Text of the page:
In addition to the “I’m green” tube, the BODY CARE tubes have the inscription that they are up to 82% organic-based. The reason is that the cap (18% of the total weight) cannot be produced on the basis of sugar cane.
Because of the pump cap (14% of the total weight), the BODY CARE Shower Foam “I’m green” bottle is only made from 86% renewable materials.
“I’m green plastic” is the claim on the BODY CARE Body Butter jar. This is the most challenging claim. It says that all three components of the jar (lid, sealing disk and jar) are produced based on sugar cane. The “<30%” results because the proportion of petroleum replaced by renewable raw materials is a maximum of 30 percent. This is due to the chemical properties of the material used. Currently, the proportion cannot be increased.
“Bio-based” only refers to the raw materials used. It doesn’t mean that the products are biodegradable. Like other plastics, they must be recycled using collection systems.
You can dispose of BODY CARE tubes and jars in the relevant plastics recycling containers (in line with local recycling services). As far as the pump bottles of Shower Foam, Shower Cream and Body Oil are concerned, the bottles go into the plastics recycling container and the pump into general trash. The glass bottles in which the deodorants are packaged go into the glass container and the caps into general trash. Click here for an overview.
It will also happen over time because we have packaging inventory in storage that we want to use up first. It would not be sustainable to destroy the old packaging. For each new product and each relaunch, we find out whether or not it is possible to use sustainable packaging. We are in close contact with our suppliers on the issue. We are ready to bear extra costs for even more sustainability. After all, sustainability at BÖRLIND is not just talk – sustainability shapes our daily life.
In addition to stimulating the skin’s metabolism, fruit acid exfoliants also have a positive effect on collagen formation in the skin’s middle layer. They thereby support the skin’s natural regeneration process and make complexions smoother, finer and fresher. The effect is more or less pronounced depending on the fruit acid concentration.
Enzymatic exfoliants have a weaker effect than fruit acid exfoliants, since they contain protein components instead of acids. This makes them much gentler on the skin. The fruit enzymes used, including papain from papaya and bromelain from pineapple, are protease enzymes that systematically break down proteins. They split the bonds between keratinocytes. Dead skin flakes end up floating on the epidermis and can be easily washed away, along with dirt particles and make-up residue.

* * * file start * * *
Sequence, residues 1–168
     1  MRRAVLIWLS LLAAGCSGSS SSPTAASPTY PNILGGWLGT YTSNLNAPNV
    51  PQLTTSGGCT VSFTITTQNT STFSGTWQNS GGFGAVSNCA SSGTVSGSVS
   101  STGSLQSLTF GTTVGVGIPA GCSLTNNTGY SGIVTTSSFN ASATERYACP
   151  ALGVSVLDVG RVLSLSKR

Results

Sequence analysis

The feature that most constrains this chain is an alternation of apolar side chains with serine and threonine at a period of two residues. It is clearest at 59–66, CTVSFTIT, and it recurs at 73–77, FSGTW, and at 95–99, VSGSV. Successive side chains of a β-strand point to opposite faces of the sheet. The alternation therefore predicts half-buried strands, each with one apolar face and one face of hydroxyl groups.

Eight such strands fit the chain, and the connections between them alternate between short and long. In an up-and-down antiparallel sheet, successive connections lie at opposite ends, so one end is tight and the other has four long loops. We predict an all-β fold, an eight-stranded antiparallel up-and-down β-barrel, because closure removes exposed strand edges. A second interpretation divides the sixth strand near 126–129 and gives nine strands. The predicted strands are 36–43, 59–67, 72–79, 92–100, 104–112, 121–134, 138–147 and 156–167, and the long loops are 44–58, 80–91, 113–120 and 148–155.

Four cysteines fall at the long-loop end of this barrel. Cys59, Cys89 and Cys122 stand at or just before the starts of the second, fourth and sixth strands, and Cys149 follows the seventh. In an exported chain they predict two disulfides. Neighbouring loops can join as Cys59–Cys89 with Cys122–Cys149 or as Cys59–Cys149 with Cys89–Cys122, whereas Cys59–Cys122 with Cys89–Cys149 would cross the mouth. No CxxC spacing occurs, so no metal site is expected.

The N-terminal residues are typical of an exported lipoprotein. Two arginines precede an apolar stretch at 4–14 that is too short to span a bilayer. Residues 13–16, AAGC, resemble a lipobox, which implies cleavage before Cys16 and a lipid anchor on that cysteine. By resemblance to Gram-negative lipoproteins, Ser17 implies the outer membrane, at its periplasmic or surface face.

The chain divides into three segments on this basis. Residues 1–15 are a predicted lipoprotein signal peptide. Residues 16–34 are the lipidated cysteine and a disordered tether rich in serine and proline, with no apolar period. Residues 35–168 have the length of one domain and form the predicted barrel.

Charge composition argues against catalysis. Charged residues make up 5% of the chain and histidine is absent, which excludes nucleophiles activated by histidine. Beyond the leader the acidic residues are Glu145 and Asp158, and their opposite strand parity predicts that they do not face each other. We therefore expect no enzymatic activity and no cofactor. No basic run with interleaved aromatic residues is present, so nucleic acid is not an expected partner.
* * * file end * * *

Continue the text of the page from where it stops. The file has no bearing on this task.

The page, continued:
All cosmetic products must be microbiologically stable. In other words, even after it has been opened, the product’s contents must remain resistant to microorganisms such as bacteria or yeasts, which can find their way in through the air or via fingers. Water, which is present in most cosmetic products, is a fertile breeding ground for such microorganisms. For the majority of the products, preservation is therefore essential.
In accordance with EU law concerning cosmetic products, phenoxyethanol may be used up to a concentration of 1% in cosmetics. In this concentration, it is considered a harmless substance. Depending on the formulation and combination with other preservatives, in our products the average proportion is 0.5%.
It is used before diagnostic procedures such as operations, in wounds – both to prevent infections and to prevent infected wounds from getting worse – and as a disinfecting additive in pharmaceuticals and cosmetics.
By way of comparison, in over-the-counter disinfectants from the pharmacy, phenoxyethanol is present in a 2% concentration. In addition, phenoxyethanol – which the skin tolerates well – has acquired a reputation of causing allergic reactions because it has often been used in a combined form in cosmetics: MDBGN/PE. In combination with this other preservative, it qualifies as a contact allergen. MDBGN/PE is a very common allergen and is of course not used at Börlind.
There are no plans for replacing it in existing, tried-and-tested formulations, as this would also have an impact on the product’s consistency, tolerability, safety and fragrance.
Thanks to its good tolerability, the combination of phenoxyethanol and benzyl alcohol has been successfully tried and tested in emulsion products (creams), particularly those in jars. In addition, it is more effective over a wider pH range in comparison to other preservative systems, and effectively protects the cosmetic against contamination even when touched by a finger several times per day.
We always advise testing new cosmetics in the crook of your elbow first.